Seminar – ‘My mother smoked like a beagle in a laboratory to get the coupons she needed for a toaster’: tobacco companies and the working-class in postwar Britain
University of York
Bio: Frances Thirlway is a Research Fellow at the University of York, Department of Sociology. She holds research grants from Cancer Research UK on health inequalities and electronic cigarettes and from the York Centre for Future Health on health inequalities and cannabis/cannabidiol self-medication for pain relief.
Abstract: I will argue that public health understandings of the threat of tobacco to children and young people are based on a middle class imaginary which draws on historical advertising associating smoking with glamour and consequently fails to understand the nature of tobacco’s continued appeal in working class communities. Taking Embassy Regal as a case study and using oral history interviews and tobacco industry documents, I will show that working class smoking is associated with class and family loyalties, creating ambivalence towards cessation, which may be negatively correlated with social aspiration and pretension. Policy implications will be discussed.
Wednesday, 8th May 2019, 12.45 pm – 2.00 pm
Venue: Lucas Room (LG81), LSHTM, Keppel Street Building
Continue reading →Seminar – Politics Under the Influence. Vodka and Public Policy in Putin’s Russia
Bio: Dr Anna L. Bailey completed an MRes in East European Studies at SSEES-UCL in 2009, before continuing to doctoral study at SSEES-UCL, where she was supervised by Professor Alena Ledeneva. She was awarded a PhD in Political Science in 2015. Her doctoral research findings form the basis of her book Politics Under the Influence. Vodka and Public Policy in Putin’s Russia, newly-released by Cornell University Press. Her research explores the realities of federal policy formation in the Russian Federation, including the effects of competition between policy stakeholders, and the interaction between formal institutions and informal networks and their practices. She currently works freelance.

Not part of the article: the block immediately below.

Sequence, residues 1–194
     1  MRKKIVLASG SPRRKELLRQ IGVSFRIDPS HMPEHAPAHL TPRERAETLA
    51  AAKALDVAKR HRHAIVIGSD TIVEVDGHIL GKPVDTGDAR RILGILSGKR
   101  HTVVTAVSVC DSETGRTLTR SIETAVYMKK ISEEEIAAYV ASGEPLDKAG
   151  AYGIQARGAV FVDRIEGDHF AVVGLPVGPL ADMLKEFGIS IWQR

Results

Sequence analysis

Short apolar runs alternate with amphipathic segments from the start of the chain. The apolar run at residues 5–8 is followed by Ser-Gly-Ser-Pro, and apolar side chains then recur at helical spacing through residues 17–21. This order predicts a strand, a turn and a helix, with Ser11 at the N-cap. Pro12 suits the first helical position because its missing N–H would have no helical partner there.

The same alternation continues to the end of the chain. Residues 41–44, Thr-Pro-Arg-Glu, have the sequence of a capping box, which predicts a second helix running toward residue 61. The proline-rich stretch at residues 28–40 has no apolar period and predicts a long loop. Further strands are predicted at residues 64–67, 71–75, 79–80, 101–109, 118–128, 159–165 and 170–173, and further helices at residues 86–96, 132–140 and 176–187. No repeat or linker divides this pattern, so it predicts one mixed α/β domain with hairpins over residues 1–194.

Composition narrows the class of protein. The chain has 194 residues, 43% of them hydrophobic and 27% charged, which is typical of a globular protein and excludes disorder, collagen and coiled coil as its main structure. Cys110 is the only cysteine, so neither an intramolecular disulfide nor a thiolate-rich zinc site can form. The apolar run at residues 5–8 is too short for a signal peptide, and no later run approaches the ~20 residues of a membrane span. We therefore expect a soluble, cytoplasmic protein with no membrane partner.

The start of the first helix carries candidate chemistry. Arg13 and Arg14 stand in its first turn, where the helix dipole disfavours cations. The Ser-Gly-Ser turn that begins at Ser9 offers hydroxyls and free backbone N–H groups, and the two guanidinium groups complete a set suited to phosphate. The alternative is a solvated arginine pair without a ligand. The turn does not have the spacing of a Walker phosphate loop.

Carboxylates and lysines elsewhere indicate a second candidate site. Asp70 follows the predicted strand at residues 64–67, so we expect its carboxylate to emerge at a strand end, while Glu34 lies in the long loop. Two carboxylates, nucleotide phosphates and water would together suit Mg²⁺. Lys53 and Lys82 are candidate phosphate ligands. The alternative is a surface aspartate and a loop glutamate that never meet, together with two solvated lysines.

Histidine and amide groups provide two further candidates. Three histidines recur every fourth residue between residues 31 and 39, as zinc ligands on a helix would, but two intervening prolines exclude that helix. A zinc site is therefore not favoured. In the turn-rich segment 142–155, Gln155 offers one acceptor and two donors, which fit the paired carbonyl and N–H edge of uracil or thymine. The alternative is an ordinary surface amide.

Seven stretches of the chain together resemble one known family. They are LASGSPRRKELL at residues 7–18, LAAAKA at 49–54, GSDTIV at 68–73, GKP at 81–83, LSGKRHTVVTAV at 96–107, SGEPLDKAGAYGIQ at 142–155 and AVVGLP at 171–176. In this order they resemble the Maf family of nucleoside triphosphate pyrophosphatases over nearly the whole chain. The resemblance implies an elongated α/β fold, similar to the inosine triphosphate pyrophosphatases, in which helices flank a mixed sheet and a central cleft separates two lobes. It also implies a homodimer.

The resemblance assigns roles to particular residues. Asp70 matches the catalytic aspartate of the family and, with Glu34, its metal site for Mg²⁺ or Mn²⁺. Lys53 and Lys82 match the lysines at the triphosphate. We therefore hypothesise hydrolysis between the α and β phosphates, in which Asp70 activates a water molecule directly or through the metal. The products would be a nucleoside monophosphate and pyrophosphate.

Abstract: “You know just how serious a problem alcoholism has become for our country. Frankly speaking, it has taken on the proportions of a national disaster.” So spoke Russian President Dmitry Medvedev in 2009 as the government launched a major anti-alcohol initiative. Digging beneath the façades of public interest and government hegemony, I challenge the standard narrative of subsequent alcohol policy as top–down implementation imposed in the interests of public health. Rather, policy is the ad hoc result of battles between policy actors with vested interests. These policy outcomes have sometimes been contrary to the government’s stated aims. In particular, a powerful vodka interest located within the state itself has grown in influence since 2009, and has used the ‘anti-alcohol campaign’ as a front to push policies that reduce the competitiveness of its main rival – the multinational beer industry.
Thursday, 23rd May 2019, 12.45 pm – 2.00 pm
Venue: LG6/7, LSHTM, Keppel Street Building
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